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[E360 Webinar Recap] How Refrigerant and Control Selections Are Impacting System Design and Engineering

AndrewKnight_Blog_Image Andrew Knight | Vice President/Refrigeration Team Leader

Henderson Engineers

This blog is based on Emerson’s most recent E360 Webinar, “Top Retailer Trends for Refrigeration, Controls and Facility Optimization.”

How refrigerant and control selections blog client review

Today’s trends in refrigeration systems and electronic control schemas are having significant impacts on refrigeration design and engineering. I recently had the pleasure of participating in an E360 Webinar where I discussed two emerging trends my company is currently encountering: small-store design and case-level control strategies. The webinar also featured Andre Patenaude, director of food retail marketing & growth strategy, cold chain; and John Wallace, director of innovation, both of Emerson.

Smaller stores present new challenges

As demographics are shifting to higher-density living, accommodating smaller-footprint grocery stores in high-rise or mixed-use buildings is becoming more common — and presenting new challenges. In many cases, these spaces were never intended to support refrigeration and HVAC operations. Because of this and other limitations, equipment integration discussions should begin in the early phases of a site’s evaluation process.

When it comes to refrigeration equipment options for small-footprint designs, there are many possible approaches:

I) Compressor house: enclosure that contains refrigeration equipment, typically housed on the roof

Pros

  • Consolidation of rack(s), condenser(s), electrical and centralized controls
  • Service technician-friendly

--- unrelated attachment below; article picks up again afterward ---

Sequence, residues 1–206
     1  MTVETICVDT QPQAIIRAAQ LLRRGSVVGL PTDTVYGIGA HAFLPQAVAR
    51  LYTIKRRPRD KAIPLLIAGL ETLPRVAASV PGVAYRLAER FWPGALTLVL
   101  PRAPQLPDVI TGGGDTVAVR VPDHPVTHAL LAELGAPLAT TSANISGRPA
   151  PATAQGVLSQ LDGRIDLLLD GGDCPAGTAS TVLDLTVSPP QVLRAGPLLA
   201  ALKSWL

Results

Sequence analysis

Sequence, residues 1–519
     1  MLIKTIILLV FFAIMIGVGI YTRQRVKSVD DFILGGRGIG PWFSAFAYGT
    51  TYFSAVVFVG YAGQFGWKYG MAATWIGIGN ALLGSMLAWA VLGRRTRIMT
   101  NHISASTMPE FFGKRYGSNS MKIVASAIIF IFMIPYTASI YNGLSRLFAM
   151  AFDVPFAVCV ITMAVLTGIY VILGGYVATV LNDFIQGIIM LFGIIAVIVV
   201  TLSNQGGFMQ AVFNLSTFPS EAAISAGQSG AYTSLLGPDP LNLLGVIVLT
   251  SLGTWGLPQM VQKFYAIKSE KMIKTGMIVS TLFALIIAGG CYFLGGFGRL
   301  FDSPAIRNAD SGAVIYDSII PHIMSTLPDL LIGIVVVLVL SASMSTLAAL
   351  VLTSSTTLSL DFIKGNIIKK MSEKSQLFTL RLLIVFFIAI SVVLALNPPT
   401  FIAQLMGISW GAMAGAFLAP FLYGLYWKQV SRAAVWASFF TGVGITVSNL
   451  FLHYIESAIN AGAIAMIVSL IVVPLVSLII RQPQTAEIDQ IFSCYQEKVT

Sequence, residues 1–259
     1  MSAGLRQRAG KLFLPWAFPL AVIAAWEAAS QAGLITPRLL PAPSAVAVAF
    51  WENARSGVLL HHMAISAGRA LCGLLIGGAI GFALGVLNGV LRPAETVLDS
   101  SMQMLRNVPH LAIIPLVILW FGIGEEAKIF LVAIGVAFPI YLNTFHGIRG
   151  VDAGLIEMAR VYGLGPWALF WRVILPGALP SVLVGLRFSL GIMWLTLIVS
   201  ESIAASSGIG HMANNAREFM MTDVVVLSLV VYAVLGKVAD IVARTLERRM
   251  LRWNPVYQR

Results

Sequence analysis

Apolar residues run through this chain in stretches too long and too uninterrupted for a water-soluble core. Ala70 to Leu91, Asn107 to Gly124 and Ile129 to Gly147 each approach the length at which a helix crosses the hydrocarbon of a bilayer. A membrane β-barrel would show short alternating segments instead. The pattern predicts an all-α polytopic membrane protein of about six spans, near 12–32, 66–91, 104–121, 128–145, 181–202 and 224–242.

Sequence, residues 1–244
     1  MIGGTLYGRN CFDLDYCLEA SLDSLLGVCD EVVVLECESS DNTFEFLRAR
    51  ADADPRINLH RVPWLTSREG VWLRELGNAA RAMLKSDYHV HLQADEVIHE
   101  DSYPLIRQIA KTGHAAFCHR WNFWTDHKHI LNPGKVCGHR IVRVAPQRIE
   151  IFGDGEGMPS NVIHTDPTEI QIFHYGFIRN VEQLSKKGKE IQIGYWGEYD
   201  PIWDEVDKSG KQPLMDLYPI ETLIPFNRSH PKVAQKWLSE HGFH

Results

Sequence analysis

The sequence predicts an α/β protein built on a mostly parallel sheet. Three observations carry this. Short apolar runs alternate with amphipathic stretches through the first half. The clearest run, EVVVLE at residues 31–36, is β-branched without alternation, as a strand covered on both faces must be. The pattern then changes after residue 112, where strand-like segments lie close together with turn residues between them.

Cons

  • Large and heavy
  • Is there space on the roof?

II) Machine room/equipment mezzanine: traditional way to house refrigeration equipment

Pros

  • Consolidation of rack(s), electrical and centralized controls
  • Good serviceability

Cons

  • Expensive to build
  • Can take up sizable space
  • Needs leak detection and exhaust

III) Distributed system: typically, interior systems mounted on top of walk-in coolers

Pros

  • Saves space, quiet
  • Available in a split-suction configuration (to serve low- and medium-temp loads)
  • Served by roof-mounted condensers or fitted with a heat exchanger that utilizes a dedicated condenser loop, or is tied to main building condenser system

Cons

  • Service access isn’t ideal
  • What happens when walk-in needs replacement?

IV) Exterior distributed system: roof-mounted packaged system for smaller applications

Pros

  • Lighter-weight unit
  • Integral condenser

Cons

  • Limited capacities, depending on ambient temperatures
  • No split-suction configuration available

V) Unitized exterior distributed system: roof-mounted unit that houses compressor cabinet with condenser next to it

Pros

  • Lighter-weight unit with microchannel condensers
  • All electronic valves
  • Case controls separated from rack controls

Con

  • May not be available in split-suction configurations

 

Case-level control becomes more viable

Advancements in electronic expansion valves and controls technologies at the case level allow more flexibility for merchandising. For example, case temperatures can be more easily modified to accommodate a wider range of merchandise, within reason. Other benefits include:

  • Case conditions (temperature and humidity) are monitored and controlled within the case instead of a centralized system.
  • Technology is evolving to enable self-diagnostic capabilities to communicate issues before problems surface.
  • Consolidation of 120 V circuits fans/lights/anti-sweat circuits means less wiring and fewer conductors are needed, saving time and money in installation.
  • Owner operation is enhanced because products don’t have to be pulled from the case to adjust the electronic expansion valves.

Door or no door?

The battle rages on. Customer usability and reach are enhanced with no case doors; from an economic standpoint, adding doors reduces compressor horsepower up to 83 percent and energy usage by 75 percent. “To door or not to door” is largely a matter of merchandising, as doors work well with sealed products (like the deli or dairy) but not as well for meats and produce.

Installing new or retrofitting case doors depends on several engineering factors such as control valve, riser and piping sizes and rack considerations.

I encourage you to review Andre Patenaude’s and John Wallace’s blogs covering the E360 Webinar on “Top Retailer Trends for Refrigeration, Controls and Facility Optimization for additional fresh insights on emerging trends in the refrigeration industry.

 

 

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